Pictures never do steep angles any justice, but here are some anyway.
There’s a mound at the end of the pass where people have written on stones to say they’d been there, but we didn’t indulge. There was a sign about firewood for sale and a man approached us with a machete in his hand – I’m sure to cut firewood – but we made our exit into the Marienfluss. It’s a spectacular place that is a relatively flat valley floor hemmed in by mountains that squeeze it in as it heads north to the Angolan border. We drove about a third of the way up and turned round to continue our loop.
Marienfluss – a spectacular valley in north west Namibia
We passed a memorial to Jan Joubert, a leading conservationist and the guy who created most of the 4×4 routes in Namibia and headed towards our campsite for the night – the Marble Campsite which was, as the name suggests, next to an old marble quarry. The stark white of the cut rock faces and abandoned blocks of stone was such a contrast to the rest of the rocks in the region.
Marble garage – everyone should have one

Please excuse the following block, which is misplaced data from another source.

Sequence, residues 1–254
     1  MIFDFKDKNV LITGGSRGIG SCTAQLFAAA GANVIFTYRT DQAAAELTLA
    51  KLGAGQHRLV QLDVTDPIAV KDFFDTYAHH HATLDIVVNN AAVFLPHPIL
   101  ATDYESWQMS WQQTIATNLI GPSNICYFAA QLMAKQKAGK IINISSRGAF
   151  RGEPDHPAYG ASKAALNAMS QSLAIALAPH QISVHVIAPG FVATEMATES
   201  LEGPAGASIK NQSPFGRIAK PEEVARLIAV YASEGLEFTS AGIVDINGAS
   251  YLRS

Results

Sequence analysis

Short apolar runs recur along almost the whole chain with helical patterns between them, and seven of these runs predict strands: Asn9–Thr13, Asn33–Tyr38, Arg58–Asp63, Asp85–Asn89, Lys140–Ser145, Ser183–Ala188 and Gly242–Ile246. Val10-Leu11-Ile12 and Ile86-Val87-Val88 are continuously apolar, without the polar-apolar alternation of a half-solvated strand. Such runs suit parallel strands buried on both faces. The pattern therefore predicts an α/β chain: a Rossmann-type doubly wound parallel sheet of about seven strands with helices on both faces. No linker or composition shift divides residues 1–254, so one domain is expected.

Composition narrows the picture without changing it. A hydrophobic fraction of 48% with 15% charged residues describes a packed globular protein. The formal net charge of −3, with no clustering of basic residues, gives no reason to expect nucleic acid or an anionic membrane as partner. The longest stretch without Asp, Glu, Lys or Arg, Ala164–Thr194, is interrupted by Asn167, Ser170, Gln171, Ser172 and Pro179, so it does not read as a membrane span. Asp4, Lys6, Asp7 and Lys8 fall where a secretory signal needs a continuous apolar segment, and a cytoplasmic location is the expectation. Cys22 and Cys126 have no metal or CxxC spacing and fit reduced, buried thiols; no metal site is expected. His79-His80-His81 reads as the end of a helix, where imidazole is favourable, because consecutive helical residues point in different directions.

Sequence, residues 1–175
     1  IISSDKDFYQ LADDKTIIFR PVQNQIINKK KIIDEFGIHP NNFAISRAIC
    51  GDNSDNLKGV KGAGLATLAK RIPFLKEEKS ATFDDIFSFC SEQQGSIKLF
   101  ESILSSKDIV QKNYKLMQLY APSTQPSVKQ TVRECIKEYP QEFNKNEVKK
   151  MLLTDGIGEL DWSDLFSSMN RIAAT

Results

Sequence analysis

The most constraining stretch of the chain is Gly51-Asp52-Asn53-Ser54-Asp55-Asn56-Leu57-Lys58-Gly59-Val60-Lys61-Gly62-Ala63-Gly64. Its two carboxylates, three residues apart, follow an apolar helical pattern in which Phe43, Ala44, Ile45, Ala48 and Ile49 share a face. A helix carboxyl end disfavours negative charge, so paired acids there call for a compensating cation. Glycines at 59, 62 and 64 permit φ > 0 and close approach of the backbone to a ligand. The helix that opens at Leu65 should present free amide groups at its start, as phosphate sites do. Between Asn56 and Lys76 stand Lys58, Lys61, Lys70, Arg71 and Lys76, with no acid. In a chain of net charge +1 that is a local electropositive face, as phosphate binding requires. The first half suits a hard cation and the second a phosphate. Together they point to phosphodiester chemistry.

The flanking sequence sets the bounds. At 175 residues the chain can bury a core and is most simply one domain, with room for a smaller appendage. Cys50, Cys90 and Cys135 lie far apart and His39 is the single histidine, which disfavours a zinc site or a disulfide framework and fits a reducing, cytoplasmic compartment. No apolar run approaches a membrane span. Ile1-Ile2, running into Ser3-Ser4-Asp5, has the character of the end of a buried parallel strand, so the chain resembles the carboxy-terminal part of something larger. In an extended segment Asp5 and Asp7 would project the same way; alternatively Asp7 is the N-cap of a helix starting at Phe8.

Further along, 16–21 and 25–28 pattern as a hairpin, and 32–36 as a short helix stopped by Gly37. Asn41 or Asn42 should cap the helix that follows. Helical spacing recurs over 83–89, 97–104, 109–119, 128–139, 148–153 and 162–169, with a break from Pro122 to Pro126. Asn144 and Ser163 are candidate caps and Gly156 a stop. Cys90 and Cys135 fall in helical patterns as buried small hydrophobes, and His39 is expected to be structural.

We celebrated our trip down Van Zyl’s pass in the appropriate manner and had a relaxed evening near a dry river bed.
The morning brought the bottom half of the loop and quickly turned into a very sandy affair. First we had to cross a sandy valley floor.
Not a drop of water for miles
During the loop we saw some stone artworks called the Lone Men of Kaokoland. No one knows who the artist is and how many there are, but we saw two in our travels. They are made from the rich brown stone of the area held together in a welded mesh. They stand about a metre tall.
A Lone Man of Kaokoland striding across the landscape
Here’s one (number 3) with a title “Looking forward to meeting number 27”
We continued through some very fine sand/dust that had the consistency of talcum powder and Ang did a great job of steering us through it. We joined the Hoarusib River 4×4 trail and crossed the river that was lined with palm trees – a fairly surreal sight.
One Landy looking for a bridge!
Then it was back to Opuwo to refuel and restock, then back to the Himba living museum camp before we set off for the Epupa Falls on the Angolan border.